DACA & Other Status

 

 

Important information about DACA requests: On January 20, 2021, President Biden issued a memorandum directing the Secretary of Homeland Security, in consultation with the Attorney General, to take appropriate action to preserve and fortify DACA, consistent with applicable law.

In compliance with an order of a United States District Court, and effective Dec. 7, 2020, U.S. Citizenship and Immigration Services (USCIS) is: DACA UPDATE

What is DACA?

On June 15, 2012, the secretary of Homeland Security announced that certain people who came to the United States as children and meet several guidelines may request consideration of deferred action for a period of two years, subject to renewal. They are also eligible for work authorization. Deferred action is a use of prosecutorial discretion to defer removal action against an individual for a certain period of time. Deferred action does not provide lawful status.

 

Who Can Apply for DACA?

If you are new to DACA and would like to apply, here are some things to consider before applying to meet the requirements: Applicable to those who:

  1. Were under the age of 31 as of June 15, 2012;
  2. Came to the United States before reaching your 16th birthday;
  3. Have continuously resided in the United States since June 15, 2007, up to the present time;
  4. Were physically present in the United States on June 15, 2012, and at the time of making your request for consideration of deferred action with USCIS;
  5. Had no lawful status on June 15, 2012, meaning that:
  • You never had a lawful immigration status on or before June 15, 2012*, or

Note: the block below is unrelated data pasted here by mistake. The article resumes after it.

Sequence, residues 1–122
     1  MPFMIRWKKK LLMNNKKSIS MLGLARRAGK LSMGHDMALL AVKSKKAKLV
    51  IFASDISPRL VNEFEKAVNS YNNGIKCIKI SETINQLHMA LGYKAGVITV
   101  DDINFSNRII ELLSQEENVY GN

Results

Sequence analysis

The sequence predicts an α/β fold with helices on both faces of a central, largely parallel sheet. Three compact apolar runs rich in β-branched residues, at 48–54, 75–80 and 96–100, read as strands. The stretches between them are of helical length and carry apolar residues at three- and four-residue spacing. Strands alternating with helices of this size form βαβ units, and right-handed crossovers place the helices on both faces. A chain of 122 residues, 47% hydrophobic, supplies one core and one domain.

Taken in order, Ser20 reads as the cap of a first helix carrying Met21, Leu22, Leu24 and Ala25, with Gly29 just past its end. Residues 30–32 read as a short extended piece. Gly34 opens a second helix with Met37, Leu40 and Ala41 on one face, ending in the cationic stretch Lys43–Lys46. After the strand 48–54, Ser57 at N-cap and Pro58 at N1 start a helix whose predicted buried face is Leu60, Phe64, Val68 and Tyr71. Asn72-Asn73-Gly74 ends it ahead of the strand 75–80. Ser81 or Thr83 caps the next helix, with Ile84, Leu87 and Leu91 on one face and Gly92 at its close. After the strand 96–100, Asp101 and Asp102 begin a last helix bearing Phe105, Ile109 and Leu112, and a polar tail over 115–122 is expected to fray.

• Any lawful immigration status or parole that you obtained prior to June 15, 2012, had expired as of June 15, 2012;
  1. Are currently in school, have graduated or obtained a certificate of completion from high school, have obtained a General Educational Development (GED) certificate, or are an honorably discharged veteran of the Coast Guard or Armed Forces of the United States; and
  2. Have not been convicted of a felony, a significant misdemeanor, three or more other misdemeanors, and do not otherwise pose a threat to national security or public safety.

 

DACA Renewal Process

You can renew if you:

  • Did not depart the United States on or after Aug. 15, 2012, without advance parole;
  • Have continuously resided in the United States since you submitted your most recent DACA request that was approved; and
  • Have not been convicted of a felony, a significant misdemeanor, or three or more misdemeanors, and do not otherwise pose a threat to national security or public safety.

 

  • Get Help: Don’t apply alone.  All DACA renewals are being accepted by USCIS. Consult a qualified attorney before submitting any application to immigration authorities, particularly if you have had any contact with police or any unauthorized absences from the U.S.
    • Apply at least 150 days before your DACA and work permit expire. However, USCIS is now accepting applications more than 150 days prior to the expiration date and up to 364 days prior to the expiration date, so you can apply if your DACA will expire in less than 1 year.
    • Note: you can still renew even if you are over 31, have graduated, or have moved schools.
  • Collect documents as evidence you meet the guidelines: You will need to submit supporting documents with your request for DACA. You can submit legible copies of these documents unless the instructions specify you must submit an original document.
    • G-28 – Notice of Entry of Appearance As Attorney (Optional)